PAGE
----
According to the U.S. Bureau of Labor Statistics, 199k jobs were created in November, better than the +190k consensus, while private payrolls were up 150k, slightly under expectations. The unemployment rate fell from 3.9% to 3.7%, the lowest since July, as a large number of people entered the workforce. Big picture, the jobless rate has been under 4% for 22 consecutive months, the longest period since the 1990s.
Average hourly earnings rose 0.35% on a month-over-month basis and were 4.0% higher from year-ago levels, down from +4.1% in the prior month, and a fresh multi-year in annual wage growth. The labor force participation rate was 62.8, a slight uptick from October, and the highest since February 2020. Within the BLS report, motion picture jobs snapped back by 17k, and motor vehicle employment increased by 30k, indicating that strikes from October partially reversed in November.
The previous two months were revised lower by 35k, so there was a positive change in October payroll gains (+150k) to November (+199k). The U-6 underemployment rate moved down from 7.2% to 7.0%, indicating a firmer labor market. The Household survey, used to determine the unemployment rate, featured a strong 747k jobs gain. In all, this report does not support the case for rate cuts sooner rather than later, but the Fed is still expected to hold steady in its meeting next week.
November Employment Better Than Forecast
Unemployment Rate Drops, Monthly Payroll Gains Increase in November
U.S. Average Hourly Earnings Growth 4% YoY
In the report’s wake, equity futures ticked down just modestly, then recovered before the bell, while Treasury rates jumped higher. Expectations for Fed easing in 2024 also reversed slightly, and the U.S. Dollar Index ticked up on the generally strong report.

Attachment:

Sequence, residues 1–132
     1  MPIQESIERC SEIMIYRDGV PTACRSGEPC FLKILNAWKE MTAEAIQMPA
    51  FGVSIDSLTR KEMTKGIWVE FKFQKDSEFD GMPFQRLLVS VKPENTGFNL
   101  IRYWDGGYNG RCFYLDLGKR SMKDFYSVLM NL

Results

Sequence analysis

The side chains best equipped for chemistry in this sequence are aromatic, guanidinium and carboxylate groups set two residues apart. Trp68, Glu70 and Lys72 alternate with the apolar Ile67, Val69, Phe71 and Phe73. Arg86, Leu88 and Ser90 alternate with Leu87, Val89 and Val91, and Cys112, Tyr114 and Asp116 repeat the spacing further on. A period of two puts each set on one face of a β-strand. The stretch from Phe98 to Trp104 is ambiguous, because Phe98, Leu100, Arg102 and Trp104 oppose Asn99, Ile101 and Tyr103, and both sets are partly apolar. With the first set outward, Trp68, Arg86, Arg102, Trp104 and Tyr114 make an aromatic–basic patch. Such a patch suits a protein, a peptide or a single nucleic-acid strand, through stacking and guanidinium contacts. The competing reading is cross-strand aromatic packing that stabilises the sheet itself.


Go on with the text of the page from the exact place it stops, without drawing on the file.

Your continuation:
Fed Easing Expectations Retreat Slightly After Solid November Jobs Numbers
Yields Jump Post-NFP, 10yr Rate >4.2%
All told, the labor market continues to hang in there, and some of the general trends we have seen over the last six months continued, but there are few signs that a significant drop in employment is in the offing. Initial jobless claims remain low, and the ADP Private Payrolls reports are holding in the +100k to +200k range, on par with what the BLS is showing on a smoothed basis. Job openings are on the decline, helping in the Fed’s mission to cool demand, though. All of this appears consistent with an economy growing at around a 2% clip.
Let’s focus on what has been driving the stock market higher in 2023: large-cap growth. The SPDR® Portfolio S&P 500 Growth ETF seeks to track the performance of the S&P 500 Growth Index. The issuer notes that SPYG is a low-cost exchange-traded fund, or ETF, that seeks to offer exposure to S&P 500 (SP500) companies that display the strongest growth trends, particularly those with characteristics based on: sales growth, earnings change to price ratio, and momentum.